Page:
The staff and board of the North American Invasive Species Management Association review invasive species headlines each month. This helps us stay on top of trends and further our mission to support, promote, and empower invasive species prevention and management in North America. We then share invasive species news most relevant for people who manage terrestrial and aquatic invasive species across the the United States, Canada, Mexico and the world.
Prevention, Outreach and Education
North America — Read on Entomology Today
A summary of early warning systems, a valuable service both to government regulators and to members of the plant protection community who would like to stay informed on invasive plant pests.
Washington — Read on The Reflector
To counteract harmful impacts of noxious weeds, Clark Public Utilities formed a new community group called Weed Watchers as part of the Eradication Nation program. Plant experts will help educate locals about identifying native and invasive plants as well as offer a platform for people to report their findings, Mead said.
Oregon — Read on KRDV News
Though wildlife officials are not sure if an invasive Cuban treefrog could survive the entire year in Oregon, it could possibly survive the late spring to early fall timeframe in many parts of the state.
British Columbia — Read on Revelstoke Review
It’s unknown how the creature got to Revelstoke, but the province suspects it could have hitched a ride on imported soil or perhaps was intentionally moved or imported to eat, but escaped and multiplied.
Michigan — Read on Science Daily
Researchers discovered during a long-term study that zebra mussels can actually increase Microcystis, a type of phytoplankton known as ‘blue-green algae’ or cyanobacteria, that forms harmful floating blooms.
Global — Read on Phys.org
“This means that the native plant has a dilemma: if it produces too much odor, it attracts the specialist moth. But if it produces too little, all other herbivorous insect attack the plant,” Vrieling explains. “This is not the case with the invasive ragwort, as the moth is absent in these ranges and generalist herbivores are present.
Washington — Read on The Snoqualmie Valley Record
The team studied open source and peer-reviewed literature on species that were not native to the continent but had caused crop losses to assess the economic impact on yield, management and the cost of research.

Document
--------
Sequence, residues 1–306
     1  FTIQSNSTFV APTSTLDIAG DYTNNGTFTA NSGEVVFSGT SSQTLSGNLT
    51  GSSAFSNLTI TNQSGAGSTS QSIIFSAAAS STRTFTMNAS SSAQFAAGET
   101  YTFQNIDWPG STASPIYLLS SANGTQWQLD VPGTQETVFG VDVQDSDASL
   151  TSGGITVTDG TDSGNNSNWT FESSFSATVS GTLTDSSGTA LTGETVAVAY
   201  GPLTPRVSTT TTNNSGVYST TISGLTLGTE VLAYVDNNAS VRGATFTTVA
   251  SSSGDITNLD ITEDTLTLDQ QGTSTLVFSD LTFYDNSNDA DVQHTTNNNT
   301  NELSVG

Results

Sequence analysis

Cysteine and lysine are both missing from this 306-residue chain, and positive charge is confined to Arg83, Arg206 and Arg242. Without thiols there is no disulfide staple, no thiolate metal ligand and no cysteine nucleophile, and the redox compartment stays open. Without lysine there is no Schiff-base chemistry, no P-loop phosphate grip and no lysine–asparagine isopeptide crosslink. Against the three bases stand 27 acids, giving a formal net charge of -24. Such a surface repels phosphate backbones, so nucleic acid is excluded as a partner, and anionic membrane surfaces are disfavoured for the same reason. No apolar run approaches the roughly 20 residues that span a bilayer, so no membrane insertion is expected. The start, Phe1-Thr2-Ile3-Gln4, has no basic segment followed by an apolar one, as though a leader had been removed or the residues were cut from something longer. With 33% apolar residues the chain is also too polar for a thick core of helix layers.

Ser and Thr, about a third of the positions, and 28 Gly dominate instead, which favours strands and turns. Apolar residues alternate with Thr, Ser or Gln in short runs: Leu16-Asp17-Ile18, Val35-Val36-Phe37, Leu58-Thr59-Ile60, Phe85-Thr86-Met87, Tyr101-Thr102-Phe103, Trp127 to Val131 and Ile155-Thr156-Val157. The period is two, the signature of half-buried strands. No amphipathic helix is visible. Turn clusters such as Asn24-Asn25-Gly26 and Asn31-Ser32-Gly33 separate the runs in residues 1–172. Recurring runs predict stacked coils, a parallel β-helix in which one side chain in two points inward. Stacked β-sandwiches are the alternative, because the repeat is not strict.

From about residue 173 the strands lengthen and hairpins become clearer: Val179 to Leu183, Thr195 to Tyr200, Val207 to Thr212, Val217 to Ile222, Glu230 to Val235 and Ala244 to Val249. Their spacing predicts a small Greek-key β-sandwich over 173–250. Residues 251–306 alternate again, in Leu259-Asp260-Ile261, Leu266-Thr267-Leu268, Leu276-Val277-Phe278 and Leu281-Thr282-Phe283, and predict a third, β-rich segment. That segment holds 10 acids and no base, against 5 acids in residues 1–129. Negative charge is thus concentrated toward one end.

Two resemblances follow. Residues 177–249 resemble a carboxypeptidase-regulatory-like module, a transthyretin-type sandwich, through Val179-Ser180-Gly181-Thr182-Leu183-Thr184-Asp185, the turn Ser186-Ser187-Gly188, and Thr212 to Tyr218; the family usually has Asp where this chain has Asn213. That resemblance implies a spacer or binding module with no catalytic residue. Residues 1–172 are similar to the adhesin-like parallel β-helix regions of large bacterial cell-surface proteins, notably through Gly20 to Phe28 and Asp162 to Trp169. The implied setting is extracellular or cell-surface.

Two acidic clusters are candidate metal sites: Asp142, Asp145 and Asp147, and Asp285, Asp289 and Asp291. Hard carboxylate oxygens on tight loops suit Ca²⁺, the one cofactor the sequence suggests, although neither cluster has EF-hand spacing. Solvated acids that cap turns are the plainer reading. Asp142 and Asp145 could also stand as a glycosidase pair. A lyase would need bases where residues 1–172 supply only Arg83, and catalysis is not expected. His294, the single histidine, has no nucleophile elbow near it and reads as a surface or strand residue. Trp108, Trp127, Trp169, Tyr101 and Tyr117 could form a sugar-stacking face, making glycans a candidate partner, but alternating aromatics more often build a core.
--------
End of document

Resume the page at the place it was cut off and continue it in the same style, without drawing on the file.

Arkansas — Read on Magnolia Reporter
In a state with more than 17 million forested acres, that’s no small-scale invasion. A June 30 field day will help attendees learn to identify and efficiently remove invasive plants, including Chinese Privet and others.
North Carolina — Read on Phys.org
Clavelina oblonga, an invasive marine fouling species, not only reduces diversity in communities it invades, it also interferes in their recovery following natural disasters—a process known as “succession.”
Detection, Management and Control
Kentucky — Watch on YouTube
Join KY Forest Health in looking for signs of honeysuckle leaf blight, a disease of invasive bush honeysuckle, and report your findings on iNaturalist.
Global — Read on The Guardian
Nearly 300 different non-native species caught a lift across the ocean in what can be thought of as a “mass rafting” event.
After combating yellow crazy ants for nearly a decade, U.S. Fish and Wildlife Service volunteers and staff have successfully eradicated the notorious invaders at Johnston Atoll National Wildlife Refuge.
California — Read on California Ag Today
Cal-IPC and the University of California Statewide
Kansas and Nebraska — Read the Columbus Telegram
United States — Read on Senate.gov
In May, The Trust for Public Land released a groundbreaking new report, Parks and an Equitable Recovery, that details significant inequities in park space and distribution. Across the 100 most populous U.S. cities, residents of neighborhoods where most people identify as Black, Hispanic and Latinx, Indigenous and Native American, or Asian American and Pacific Islander have access to an average of 44 percent less park space per capita than residents of neighborhoods that are predominantly white.
United States — Read on Phys.org
One of the best tools that invasive-species managers have are prohibited plant lists, which are compiled and maintained by state and county-level officials to prevent intentional introductions of known invasive and weedy plants. Unfortunately, a lack of overall coordination lends a patchwork quality to efforts to control invasive plants.
This subject on invasive plant listings was discussed at the 2020 NAISMA Annual Conference. Hear more cutting-edge invasive species research and initiatives at this year’s conference.
Why an Invasive Caterpillar is Munching Its Way Through Tree Leaves, in the Largest Outbreak in Decades
Canada and U.S. — Read on The Conversation
L. dispar can be traced back to one man’s failed business venture, in this case, an attempt to launch a North American silk industry more than a century ago. Although it remains limited to a handful of provinces and U.S. states, the invasive species could spread further with global warming.
Hawai’i — Read on Scientific American
There is potential that these introduced birds are substituting for the roles of extinct birds by maintaining seed dispersal and pollination for native plants.